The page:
Congress is trying to agree on a bipartisan plan on what to do about DACA, after the Trump administration announced a “wind-down” of the program on Sept. 5, 2017. Lawmakers face a March 5 deadline set by the president to come up with a legislative fix. Senate Majority Leader Mitch McConnell said the Senate could start debate on immigration before Feb. 8.
How does the DACA program work? We’ll go through the facts.
What is DACA?
The Deferred Action on Childhood Arrivals program — or DACA — defers deportation proceedings for two years for qualified individuals who were brought to the United States illegally when they were children. The program also gives those who are approved work authorization, and the approvals can be renewed. DACA was created on June 15, 2012, by then-President Barack Obama.
Why did Obama create the program?
In his 2012 announcement, Obama spoke about the failure of Congress to pass the “DREAM Act,” which would have provided a path to citizenship for certain immigrants brought to the country illegally as children. He said that in the absence of congressional action, the Department of Homeland Security would institute a temporary program to defer deportation for “eligible individuals who do not present a risk to national security or public safety.”
He called it “a temporary stopgap measure that lets us focus our resources wisely while giving a degree of relief and hope to talented, driven, patriotic young people.”
What are the eligibility requirements for DACA recipients?
Applicants to DACA have to be:
- At least 15 years old when applying but under the age of 31 as of June 15, 2012
- Under the age 16 when entering the United States
- Living in the U.S. continuously since June 15, 2007
- Present in the U.S. on June 15, 2012, and at the time of applying
- In school or have graduated or completed high school, or have been honorably discharged from the military
- Not convicted of a felony, a significant misdemeanor or three or more other misdemeanors
DACA applicants also can’t “otherwise pose a threat to national security or public safety,” according to the U.S. Citizenship and Immigration Services. They couldn’t have lawful status on June 15, 2012, either.
The requirement that applicants be at least 15 years old when applying is waived for those who are in removal proceedings or had received a final removal or voluntary departure order. They can’t, however, be in immigration detention.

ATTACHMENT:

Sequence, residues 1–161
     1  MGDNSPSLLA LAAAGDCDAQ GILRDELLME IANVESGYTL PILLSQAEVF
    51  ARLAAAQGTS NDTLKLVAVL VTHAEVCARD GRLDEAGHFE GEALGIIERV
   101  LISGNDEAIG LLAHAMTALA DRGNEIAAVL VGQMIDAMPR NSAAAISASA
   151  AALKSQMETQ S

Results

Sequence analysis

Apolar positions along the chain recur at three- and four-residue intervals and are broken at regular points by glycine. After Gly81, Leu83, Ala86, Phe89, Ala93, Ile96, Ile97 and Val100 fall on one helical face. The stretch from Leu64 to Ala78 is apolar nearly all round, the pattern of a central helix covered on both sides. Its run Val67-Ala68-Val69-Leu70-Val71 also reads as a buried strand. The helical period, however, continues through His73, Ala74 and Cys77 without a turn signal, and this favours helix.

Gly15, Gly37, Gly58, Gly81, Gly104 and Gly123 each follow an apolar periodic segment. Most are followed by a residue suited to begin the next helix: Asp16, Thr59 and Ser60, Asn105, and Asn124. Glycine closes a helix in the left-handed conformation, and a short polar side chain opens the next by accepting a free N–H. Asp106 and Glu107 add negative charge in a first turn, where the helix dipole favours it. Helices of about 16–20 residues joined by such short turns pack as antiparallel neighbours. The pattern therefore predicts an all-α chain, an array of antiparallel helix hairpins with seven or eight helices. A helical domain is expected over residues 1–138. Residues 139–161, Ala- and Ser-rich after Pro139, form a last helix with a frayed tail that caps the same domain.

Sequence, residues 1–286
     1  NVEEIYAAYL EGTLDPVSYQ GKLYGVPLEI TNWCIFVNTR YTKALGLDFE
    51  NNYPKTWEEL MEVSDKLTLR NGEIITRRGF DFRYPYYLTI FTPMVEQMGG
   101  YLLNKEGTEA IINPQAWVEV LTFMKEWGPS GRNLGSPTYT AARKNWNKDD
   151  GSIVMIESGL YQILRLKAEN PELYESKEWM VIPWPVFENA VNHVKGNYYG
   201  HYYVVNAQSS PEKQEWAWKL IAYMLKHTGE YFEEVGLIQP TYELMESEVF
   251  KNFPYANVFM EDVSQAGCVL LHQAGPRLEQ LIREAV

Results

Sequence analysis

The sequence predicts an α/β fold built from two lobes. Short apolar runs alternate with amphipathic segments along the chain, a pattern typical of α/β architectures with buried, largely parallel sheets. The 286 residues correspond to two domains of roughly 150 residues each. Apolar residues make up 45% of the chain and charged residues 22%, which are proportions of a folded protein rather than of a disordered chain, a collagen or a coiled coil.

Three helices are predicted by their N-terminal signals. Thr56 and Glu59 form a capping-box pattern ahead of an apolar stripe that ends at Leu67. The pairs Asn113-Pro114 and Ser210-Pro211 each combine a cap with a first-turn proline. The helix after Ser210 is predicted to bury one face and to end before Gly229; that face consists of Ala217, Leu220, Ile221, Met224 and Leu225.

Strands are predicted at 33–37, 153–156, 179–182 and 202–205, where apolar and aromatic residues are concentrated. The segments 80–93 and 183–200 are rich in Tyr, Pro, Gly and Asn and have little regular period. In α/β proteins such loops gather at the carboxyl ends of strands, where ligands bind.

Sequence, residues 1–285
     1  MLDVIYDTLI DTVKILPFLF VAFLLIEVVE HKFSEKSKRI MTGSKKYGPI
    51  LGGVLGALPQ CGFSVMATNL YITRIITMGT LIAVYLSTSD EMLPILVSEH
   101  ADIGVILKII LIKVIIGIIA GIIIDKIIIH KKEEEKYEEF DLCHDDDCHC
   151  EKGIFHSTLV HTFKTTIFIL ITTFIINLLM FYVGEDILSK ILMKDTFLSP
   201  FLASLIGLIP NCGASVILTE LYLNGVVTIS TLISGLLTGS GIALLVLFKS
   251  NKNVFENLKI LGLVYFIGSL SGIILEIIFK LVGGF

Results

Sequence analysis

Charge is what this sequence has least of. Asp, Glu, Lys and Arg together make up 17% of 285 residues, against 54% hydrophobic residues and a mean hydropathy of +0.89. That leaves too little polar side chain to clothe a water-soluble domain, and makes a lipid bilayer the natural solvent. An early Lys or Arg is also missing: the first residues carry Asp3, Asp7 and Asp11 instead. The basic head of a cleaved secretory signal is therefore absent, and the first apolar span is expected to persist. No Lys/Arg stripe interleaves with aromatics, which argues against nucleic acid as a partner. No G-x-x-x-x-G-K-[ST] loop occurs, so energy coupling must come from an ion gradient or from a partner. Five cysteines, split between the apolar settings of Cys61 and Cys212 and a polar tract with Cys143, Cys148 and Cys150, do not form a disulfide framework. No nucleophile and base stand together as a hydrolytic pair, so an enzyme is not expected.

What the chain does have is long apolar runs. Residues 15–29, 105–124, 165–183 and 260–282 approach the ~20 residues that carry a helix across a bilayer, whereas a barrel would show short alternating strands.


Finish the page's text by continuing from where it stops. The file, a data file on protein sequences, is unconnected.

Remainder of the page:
What’s the process for applying?
There’s a seven-page application that must be submitted along with documentation proving the applicant meets the eligibility requirements, and there’s also a form and a worksheet required for employment authorization. The total fee is $495. If the application is in order, USCIS will give applicants an appointment at a local Application Support Center to provide biometric data, including fingerprints, and USCIS will conduct background checks.
How many DACA recipients currently live in the U.S.?
As of Sept. 4, 2017, there were 689,800 DACA recipients, according to USCIS. The total number of people who have ever been approved for DACA since 2012 is 798,980. Nearly 72,000 initial applications were denied.
About 70,000 of the cumulative approvals either didn’t renew or were rejected when trying to renew. About 40,000 became lawful permanent residents.
There are more people who meet the DACA eligibility criteria. The Migration Policy Institute, a nonpartisan think tank, estimates that 1.3 million met the criteria and could have applied.
There are several legislative proposals in Congress to provide a path to legal status for those who came to the United States illegally as children that would apply to larger populations (see the last question on legislation for more information).
Does DACA give recipients legal status in the U.S.?
The DACA program doesn’t provide a path to citizenship, and even though recipients have deportation deferred, they still do not have lawful status. However, about 40,000 former DACA recipients did go on to get their green cards, becoming lawful permanent residents. How? A spokeswoman for USCIS, Claire K. Nicholson, confirmed to FactCheck.org that the 40,000 people used what’s called “advance parole,” under which DACA recipients could get permission (after applying and paying a $575 fee) to travel abroad for humanitarian, educational and employment purposes. Once they returned to the U.S., they were entering the country legally. Typically with unlawful status, an immigrant would have to return to his or her home country and apply for a green card there.
Those applying for green cards would have to be eligible under one of several categories, including family — such as marrying a U.S. citizen — and employment.
How old are they?
The average age of DACA recipients was 25 years old last year, according to a national surveyof 3,063 DACA holders in August 2017. The vast majority — 82.5 percent — were under 30.
The survey, from Tom K. Wong, an assistant professor of political science at the University of California, San Diego, found that when the DACA enrollees arrived in the United States they were 6-and-a-half years old on average, and 54 percent of them were under the age of 7.